Another Iteration of the “N-Word” Debate

I saw this story on CNN this morning. Debates regarding the use of the “N-Word” (Nigger) are not unusual. There was the well-known debate between public intellectuals Michael Eric Dyson and Cornel West, and there are the often had debates and arguments in barbershops and at family reunions across the country. The debate typically centers around a few questions:

1) Should the N-Word be used? Those who answer “yes” to this first question typically use what I’ll call the “re-appropriation approach.” This stance, at its best, acknowledges the tragic, painful, and deadly history related to the N-Word, but also maintains that black folk have successfully and powerfully re-appropriated the word giving it an endearing meaning. Taking what was meant for dehumanization and making it deeply humanizing  so that referring to a friend as “my nigga,” it is argued, has a very different meaning than a racist calling a black person “nigger.”

Those who answer this first question “no” usually maintain the “moratorium approach.” This approach says that the n-word is so deeply marred by hatred and tragedy that preceded and followed its use that it ought to be laid to rest until at least until the structure and function of society reflects having actually learned from (I can hear the “we have a black president!” retorts already:)).

2) Second question: (closely related to the first) why (or why not) is this issue important (or not)? Do we use it endearingly to subvert and remember? Do we not use it to forget and move on? Somewhere in between?

3) Thirdly, who is allowed to use the word? Should it now be limited to black people?

We could certainly add a host of other questions to this list, but I wonder what you all think?


About bens3rd
I am a PhD candidate in Christian Theology and Social in the joint program at the University of Denver & Iliff School of Theology. I blog here when my Facebook posts get too long.

4 Responses to Another Iteration of the “N-Word” Debate

  1. dan hinz says:


    What do I do as a coach/teacher when my athletes/students call each other niggas in front of me?

    What do I do when when Mexican students call African American students “niggas” and African American students call Mexicans “dirty mexicans”, but then both students say they are “just playing”?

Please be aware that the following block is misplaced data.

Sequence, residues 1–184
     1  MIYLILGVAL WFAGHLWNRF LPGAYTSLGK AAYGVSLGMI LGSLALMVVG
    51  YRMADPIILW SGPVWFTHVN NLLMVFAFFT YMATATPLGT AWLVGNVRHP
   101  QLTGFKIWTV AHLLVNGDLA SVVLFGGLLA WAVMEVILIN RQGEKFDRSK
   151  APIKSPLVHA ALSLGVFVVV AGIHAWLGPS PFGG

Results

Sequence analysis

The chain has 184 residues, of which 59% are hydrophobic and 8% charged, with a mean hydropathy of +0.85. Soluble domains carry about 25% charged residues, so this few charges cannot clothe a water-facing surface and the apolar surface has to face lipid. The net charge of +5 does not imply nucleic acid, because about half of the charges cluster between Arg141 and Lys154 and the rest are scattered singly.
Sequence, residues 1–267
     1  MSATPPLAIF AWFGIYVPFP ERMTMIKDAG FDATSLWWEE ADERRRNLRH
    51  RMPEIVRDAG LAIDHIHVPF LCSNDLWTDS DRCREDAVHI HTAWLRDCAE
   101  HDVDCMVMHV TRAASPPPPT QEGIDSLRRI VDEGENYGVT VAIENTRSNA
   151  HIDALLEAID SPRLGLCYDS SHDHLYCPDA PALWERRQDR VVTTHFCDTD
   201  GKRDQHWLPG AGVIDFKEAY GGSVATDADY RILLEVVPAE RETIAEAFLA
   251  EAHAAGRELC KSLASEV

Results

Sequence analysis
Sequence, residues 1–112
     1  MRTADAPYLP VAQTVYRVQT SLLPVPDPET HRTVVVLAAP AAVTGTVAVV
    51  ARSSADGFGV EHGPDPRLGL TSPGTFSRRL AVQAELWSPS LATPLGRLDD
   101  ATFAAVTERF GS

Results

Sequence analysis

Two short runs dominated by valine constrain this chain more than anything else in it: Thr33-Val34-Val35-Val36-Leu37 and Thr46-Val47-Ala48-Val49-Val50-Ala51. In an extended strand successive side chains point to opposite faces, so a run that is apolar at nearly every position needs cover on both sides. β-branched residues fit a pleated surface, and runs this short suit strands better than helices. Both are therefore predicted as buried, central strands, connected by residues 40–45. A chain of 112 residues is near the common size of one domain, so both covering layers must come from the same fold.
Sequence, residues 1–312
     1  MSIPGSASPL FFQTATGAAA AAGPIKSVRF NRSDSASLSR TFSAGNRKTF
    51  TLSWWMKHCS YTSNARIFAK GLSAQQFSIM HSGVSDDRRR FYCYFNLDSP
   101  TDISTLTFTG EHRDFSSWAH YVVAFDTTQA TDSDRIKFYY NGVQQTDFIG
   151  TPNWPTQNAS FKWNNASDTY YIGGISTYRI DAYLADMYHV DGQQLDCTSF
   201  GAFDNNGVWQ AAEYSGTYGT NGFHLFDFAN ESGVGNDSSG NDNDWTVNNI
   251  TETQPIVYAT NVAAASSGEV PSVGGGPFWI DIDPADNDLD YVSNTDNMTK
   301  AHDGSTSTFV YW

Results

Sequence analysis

And while 90+% of these interactions are cordial, a handful turn into heated exchanges because one student does not take the comment as a friendly term.

    So, again, what do I as a white “cracker” do as an authority figure who has a responsibility to set a culture in my wrestling/class room?

    • bens3rd says:


      I think a vital part of responding to the IMPORTANT questions you raise is re-aiming your questions so that they speak to both the personal (“what do i do?”) and the social/political (the interactions between the students and wrestlers you teach and coach).

      Why do the students feel comfortable using the racially charged language around you (and probably many other adults)?

      What accounts for the cordiality? And what accounts for the times the exchanges turn violent?

      Finally, and I think this is VERY important, how does your self-understanding as a “white ‘cracker'”/authority figure position you in all of this? Does that self-understanding position you in such a way that you are able to speak to the situation in a way that gives you the “authority” to pour love and life into these kids?

      Just some food for thought! (Seriously, I’m gonna call you soon!)

  2. Angela DiFuccia says:

    As much as it seems like a double standard the word does impact me differently when hearing it from a balck or white person. The history of the word is deplorable and to try to eliminate the word is a mistake. You can’t undo something that has already been done, and I believe that healing will only come from a place of acceptance and understanding… Not from moving on and letting the past stay in the past. When I hear someone who is not black use the word it shows ignorance and insensitivity to racial culture and history in this country. If you are black and want to use it I

  3. Angela DiFuccia says:

    … really do not find it offensive, unless a child is hearing it.

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